The exterior wall is a cavity system composed of 4 inches of brick, 2 inches of air space, 2 inches of insulation, a liquid-applied vapor retardant and 8 inches of block. The wall insulates interior space from outside heat or cold for up to 10 hours. Low-emissivity, argon-filled windows were specified.
To take advantage of the operable windows, all offices were situated on the perimeter.
Jack Yorke, senior engineer with SmithGroup, estimates that by eliminating air conditioning, the university saved as much as $750,000 in initial construction costs and is saving approximately $75,000 per summer month in energy costs.
Recycled heat reduces energy costs
Start-up companies researching new and marketable life-science technologies are finding a home at the Nidus Center for Scientific Enterprise in Creve Coeur, Mo. Sponsored by the Monsanto Co., the 42,000-sq.-ft., $9.7 million business incubator utilizes numerous sustainable features.
Most prominent is a heavily planted, two-story "living wall" in the atrium that filters air naturally. Daylighting through large windows in the labs decreases the demand for artificial lighting and louvers reduce heat gain while also reflecting daylight deep into the building. Moreover, a waste-heat recovery system recaptures at least 50 percent of total waste heat from the heating, ventilation and air-conditioning (HVAC) system.
"The waste-heat recovery system utilizes heat wheels that actually recover the heat or the cold going out of the building," says David Broughton, executive vice president of the Nidus Center. "It is then mixed with fresh air and passes over a heat coil. This approach recycles a great deal of the energy already used to heat or cool the building. It probably saves us in the neighborhood of 35 percent of our total energy costs."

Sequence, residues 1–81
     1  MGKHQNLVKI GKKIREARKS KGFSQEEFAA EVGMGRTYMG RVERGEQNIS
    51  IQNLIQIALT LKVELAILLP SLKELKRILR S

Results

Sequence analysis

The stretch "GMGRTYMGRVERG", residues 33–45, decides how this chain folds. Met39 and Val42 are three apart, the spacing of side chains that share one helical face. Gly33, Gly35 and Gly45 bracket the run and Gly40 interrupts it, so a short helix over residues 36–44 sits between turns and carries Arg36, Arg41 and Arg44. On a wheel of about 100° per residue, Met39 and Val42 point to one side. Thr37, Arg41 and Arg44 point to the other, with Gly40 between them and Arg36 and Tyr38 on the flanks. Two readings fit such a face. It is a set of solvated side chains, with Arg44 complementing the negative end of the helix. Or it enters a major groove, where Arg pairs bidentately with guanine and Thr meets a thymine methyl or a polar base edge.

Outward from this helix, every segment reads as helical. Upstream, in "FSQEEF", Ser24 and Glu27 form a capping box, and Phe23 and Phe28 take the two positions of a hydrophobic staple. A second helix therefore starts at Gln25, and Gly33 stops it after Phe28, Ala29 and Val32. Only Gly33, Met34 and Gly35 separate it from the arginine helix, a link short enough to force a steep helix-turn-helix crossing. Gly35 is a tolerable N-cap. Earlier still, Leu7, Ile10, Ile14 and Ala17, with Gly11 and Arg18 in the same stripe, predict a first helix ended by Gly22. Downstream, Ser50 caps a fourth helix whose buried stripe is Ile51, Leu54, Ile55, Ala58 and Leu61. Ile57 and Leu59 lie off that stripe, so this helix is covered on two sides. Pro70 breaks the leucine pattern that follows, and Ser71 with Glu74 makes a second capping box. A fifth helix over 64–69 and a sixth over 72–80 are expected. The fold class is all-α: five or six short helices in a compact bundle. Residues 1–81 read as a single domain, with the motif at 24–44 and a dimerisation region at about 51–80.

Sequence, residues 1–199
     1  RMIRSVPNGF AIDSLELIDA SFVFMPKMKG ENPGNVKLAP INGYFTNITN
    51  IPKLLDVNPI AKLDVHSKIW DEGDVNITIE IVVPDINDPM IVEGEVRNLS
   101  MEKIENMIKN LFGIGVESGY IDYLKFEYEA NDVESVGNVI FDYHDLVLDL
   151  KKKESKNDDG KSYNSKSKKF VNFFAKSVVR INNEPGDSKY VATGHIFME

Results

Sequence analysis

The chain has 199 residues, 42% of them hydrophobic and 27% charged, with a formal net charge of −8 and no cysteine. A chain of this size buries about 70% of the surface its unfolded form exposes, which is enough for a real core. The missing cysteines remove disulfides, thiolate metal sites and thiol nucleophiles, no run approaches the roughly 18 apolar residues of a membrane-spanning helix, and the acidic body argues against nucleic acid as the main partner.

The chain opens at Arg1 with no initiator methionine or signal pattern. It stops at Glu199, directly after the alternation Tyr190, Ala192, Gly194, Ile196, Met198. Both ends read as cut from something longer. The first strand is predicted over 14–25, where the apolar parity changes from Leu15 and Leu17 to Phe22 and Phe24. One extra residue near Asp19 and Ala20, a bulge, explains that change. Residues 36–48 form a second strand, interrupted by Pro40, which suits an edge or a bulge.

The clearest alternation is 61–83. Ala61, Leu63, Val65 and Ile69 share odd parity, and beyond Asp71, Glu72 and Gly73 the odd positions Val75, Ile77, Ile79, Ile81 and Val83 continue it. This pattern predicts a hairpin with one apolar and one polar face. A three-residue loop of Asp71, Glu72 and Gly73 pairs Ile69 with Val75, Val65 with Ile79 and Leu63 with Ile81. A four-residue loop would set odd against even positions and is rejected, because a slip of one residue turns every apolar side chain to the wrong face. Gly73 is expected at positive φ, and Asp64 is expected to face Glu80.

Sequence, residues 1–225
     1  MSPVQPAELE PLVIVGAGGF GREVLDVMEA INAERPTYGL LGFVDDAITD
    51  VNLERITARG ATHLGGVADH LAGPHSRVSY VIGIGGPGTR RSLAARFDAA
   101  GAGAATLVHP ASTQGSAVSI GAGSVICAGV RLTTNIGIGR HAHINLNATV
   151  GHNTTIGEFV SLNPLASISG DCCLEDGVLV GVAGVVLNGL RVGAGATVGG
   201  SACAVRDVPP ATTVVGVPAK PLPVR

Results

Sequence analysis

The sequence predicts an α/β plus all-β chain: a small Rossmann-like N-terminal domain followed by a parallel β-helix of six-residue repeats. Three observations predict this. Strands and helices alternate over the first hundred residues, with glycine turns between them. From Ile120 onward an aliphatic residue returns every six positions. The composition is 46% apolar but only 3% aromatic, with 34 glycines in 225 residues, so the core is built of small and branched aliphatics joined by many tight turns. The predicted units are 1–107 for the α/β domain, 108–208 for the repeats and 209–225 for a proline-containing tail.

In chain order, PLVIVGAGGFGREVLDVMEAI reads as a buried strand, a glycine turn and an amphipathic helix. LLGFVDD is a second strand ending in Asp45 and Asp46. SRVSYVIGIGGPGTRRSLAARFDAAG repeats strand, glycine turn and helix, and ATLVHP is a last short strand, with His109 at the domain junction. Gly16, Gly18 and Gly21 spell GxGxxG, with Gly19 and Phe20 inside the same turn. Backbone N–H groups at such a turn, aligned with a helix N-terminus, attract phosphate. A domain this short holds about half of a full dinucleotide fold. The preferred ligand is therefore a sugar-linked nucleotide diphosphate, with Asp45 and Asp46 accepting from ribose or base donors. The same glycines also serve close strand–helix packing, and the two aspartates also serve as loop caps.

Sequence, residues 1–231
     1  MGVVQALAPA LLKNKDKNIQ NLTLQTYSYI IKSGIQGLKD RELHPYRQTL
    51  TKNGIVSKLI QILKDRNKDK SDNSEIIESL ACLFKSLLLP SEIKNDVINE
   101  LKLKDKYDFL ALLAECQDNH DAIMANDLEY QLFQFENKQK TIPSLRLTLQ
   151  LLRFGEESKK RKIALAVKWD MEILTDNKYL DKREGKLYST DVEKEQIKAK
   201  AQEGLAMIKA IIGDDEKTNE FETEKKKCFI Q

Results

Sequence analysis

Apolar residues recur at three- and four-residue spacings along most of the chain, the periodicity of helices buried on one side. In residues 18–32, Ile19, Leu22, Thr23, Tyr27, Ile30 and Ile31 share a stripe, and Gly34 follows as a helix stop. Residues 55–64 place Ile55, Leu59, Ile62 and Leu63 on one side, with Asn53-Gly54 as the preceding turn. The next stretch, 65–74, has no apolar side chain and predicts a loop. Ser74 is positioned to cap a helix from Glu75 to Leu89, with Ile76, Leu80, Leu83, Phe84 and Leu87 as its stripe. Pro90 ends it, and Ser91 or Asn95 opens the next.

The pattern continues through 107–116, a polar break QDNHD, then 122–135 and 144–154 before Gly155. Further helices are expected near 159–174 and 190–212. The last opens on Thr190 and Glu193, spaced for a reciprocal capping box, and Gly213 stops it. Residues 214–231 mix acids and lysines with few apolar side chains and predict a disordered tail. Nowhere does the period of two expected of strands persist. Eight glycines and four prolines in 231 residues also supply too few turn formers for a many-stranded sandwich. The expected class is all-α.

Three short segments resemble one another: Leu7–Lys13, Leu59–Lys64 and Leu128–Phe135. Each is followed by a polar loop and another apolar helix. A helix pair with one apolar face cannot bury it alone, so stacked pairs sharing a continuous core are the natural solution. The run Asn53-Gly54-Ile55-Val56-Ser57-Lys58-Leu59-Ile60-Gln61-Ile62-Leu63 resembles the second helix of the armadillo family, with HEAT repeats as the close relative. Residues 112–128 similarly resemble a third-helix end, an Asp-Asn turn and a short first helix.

The building also takes into account the larger significance of sustainable design by encouraging employees to use alternate transportation. Showers on both floors are for those who bike to work, and special parking spaces close to the building are reserved for those who carpool. The center also strives to limit its use of natural resources from the community. A case in point is its landscape irrigation system.
"We installed 3,000-gallon cisterns to catch the rainwater off of the roof," adds Broughton. "They cut down by about 50 percent the amount of water we would otherwise pull out of wells or public water systems for landscape irrigation over the course of a year."
Steel: A highly recyclable material